In other words, Alabama dictated Michigan’s offensive game plan, forcing Borges to all but abandon the run. Now, listen to these words from Alabama defensive back Dee Milliner about the slants that were broken up early in the game.

“We knew coming in any time that they got in that formation that they like to run the quick slants backside,” Milliner said. “So I was anticipating that and knew it was coming.”

So Nick Saban and defensive coordinator Kirby Smart forced Michigan to essentially abandon its usual running game, and the defense knew what plays were coming. Either Hoke and his staff got severely out-coached or he decided all along that the deck was stacked against him on Sept. 1, and the rest of the season was more important than one Cowboys Classic.

With an offensive line the exact same size as the Super Bowl champions and a defense that is the best in college football, Alabama would have won with Chad Henne under center and Mike Hart in the backfield for this Michigan team. So why put the rest of the season on the line trying to run Denard 20-25 times? Work on the passing game, work out a few kinks, put up your best effort, and move on. I’m not at all saying Michigan threw the game; I’m merely saying that there’s no point in going all in against a stacked deck at the expense of the number one goal – winning the Big Ten championship.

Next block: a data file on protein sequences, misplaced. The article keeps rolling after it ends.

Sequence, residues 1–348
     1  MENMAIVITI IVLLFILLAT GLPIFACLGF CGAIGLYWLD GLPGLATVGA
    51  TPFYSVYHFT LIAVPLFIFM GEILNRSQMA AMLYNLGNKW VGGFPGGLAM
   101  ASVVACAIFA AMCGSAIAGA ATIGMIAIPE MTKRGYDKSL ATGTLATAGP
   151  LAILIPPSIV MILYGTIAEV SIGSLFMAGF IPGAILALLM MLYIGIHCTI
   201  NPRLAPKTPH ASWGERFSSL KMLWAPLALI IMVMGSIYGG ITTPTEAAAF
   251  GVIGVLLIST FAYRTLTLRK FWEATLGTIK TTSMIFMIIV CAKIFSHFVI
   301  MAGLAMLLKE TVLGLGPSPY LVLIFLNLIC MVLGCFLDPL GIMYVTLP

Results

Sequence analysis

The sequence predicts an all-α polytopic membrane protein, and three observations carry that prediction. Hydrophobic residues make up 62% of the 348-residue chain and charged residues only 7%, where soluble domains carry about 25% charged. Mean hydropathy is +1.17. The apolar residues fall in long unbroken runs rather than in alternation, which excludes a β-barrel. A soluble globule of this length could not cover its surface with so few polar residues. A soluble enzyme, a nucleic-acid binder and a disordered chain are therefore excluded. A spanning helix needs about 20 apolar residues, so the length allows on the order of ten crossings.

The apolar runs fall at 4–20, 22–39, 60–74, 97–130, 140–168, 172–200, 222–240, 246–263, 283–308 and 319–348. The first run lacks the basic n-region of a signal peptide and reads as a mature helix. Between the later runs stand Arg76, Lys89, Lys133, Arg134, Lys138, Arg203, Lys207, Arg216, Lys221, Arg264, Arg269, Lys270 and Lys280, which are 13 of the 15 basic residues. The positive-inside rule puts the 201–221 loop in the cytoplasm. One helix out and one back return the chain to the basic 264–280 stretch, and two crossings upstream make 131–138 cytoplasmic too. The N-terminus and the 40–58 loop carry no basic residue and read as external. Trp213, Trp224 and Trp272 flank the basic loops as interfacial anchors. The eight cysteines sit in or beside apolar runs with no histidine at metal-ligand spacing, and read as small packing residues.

The loss dropped Michigan all the way to 19th in both the AP and Coaches polls and already has some counting Michigan out of the Big Ten race. This season, I’d rather have Michigan coming up from behind to start the season than playing with a big target on its back. It’s just not good enough for that yet.

The loss allows Hoke and the rest of the staff to show the team they’re not as good as they thought they were. They need to work harder and execute better if they want to win the Big Ten.